HTTP Server

The HTTP Server sample demonstrates how to host an HTTP server on a Nordic Semiconductor device that is connected to the Internet through LTE or Wi-Fi®.

Cellular connectivity is supported on the nRF91 Series SiPs, while Wi-Fi connectivity is supported on the nRF52 or nRF53 Series SoCs hosting the nRF70 Series Wi-Fi companion ICs.

The sample uses the connection manager that provides a common connectivity API for LTE and Wi-Fi stacks.


The sample supports the following development kits:

Hardware platforms


Board name

Build target





nRF9161 DK




nRF9160 DK




nRF9151 DK




nRF7002 DK




When built for an _ns build target, the sample is configured to compile and run as a non-secure application with Cortex-M Security Extensions enabled. Therefore, it automatically includes Trusted Firmware-M that prepares the required peripherals and secure services to be available for the application.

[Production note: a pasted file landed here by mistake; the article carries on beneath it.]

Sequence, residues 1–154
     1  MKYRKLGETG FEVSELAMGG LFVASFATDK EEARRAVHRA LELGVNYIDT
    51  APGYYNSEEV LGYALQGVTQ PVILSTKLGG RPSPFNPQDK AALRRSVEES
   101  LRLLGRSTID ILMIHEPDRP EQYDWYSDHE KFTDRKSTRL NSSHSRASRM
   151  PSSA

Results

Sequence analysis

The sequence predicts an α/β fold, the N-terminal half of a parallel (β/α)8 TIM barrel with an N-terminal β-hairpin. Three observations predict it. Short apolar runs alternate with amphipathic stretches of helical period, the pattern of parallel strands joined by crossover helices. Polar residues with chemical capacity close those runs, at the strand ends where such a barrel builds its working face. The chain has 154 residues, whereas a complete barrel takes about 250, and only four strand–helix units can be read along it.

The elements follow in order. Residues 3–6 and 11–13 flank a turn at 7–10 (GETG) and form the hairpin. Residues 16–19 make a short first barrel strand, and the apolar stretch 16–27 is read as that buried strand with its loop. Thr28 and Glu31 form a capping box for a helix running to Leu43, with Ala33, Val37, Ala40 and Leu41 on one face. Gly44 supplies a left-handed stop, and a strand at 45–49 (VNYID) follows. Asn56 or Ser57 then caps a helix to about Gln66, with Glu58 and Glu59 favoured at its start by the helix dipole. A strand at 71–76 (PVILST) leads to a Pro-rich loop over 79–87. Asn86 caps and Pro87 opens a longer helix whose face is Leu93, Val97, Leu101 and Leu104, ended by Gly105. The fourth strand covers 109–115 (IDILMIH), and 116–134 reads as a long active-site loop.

The sample supports managing the state of LED 1 and LED 2 on a compatible development kit. This feature allows you to both set and retrieve the current state of the LEDs through HTTP calls from a REST client.

Moreover, the sample also offers the option to enable TLS for secure communication. You can configure TLS with or without server and/or device authentication based on your security requirements.

There are slight differences in how the sample behaves depending on the wireless technology for which the sample is built. The following table explains some of these differences:

Network access

LED resource URL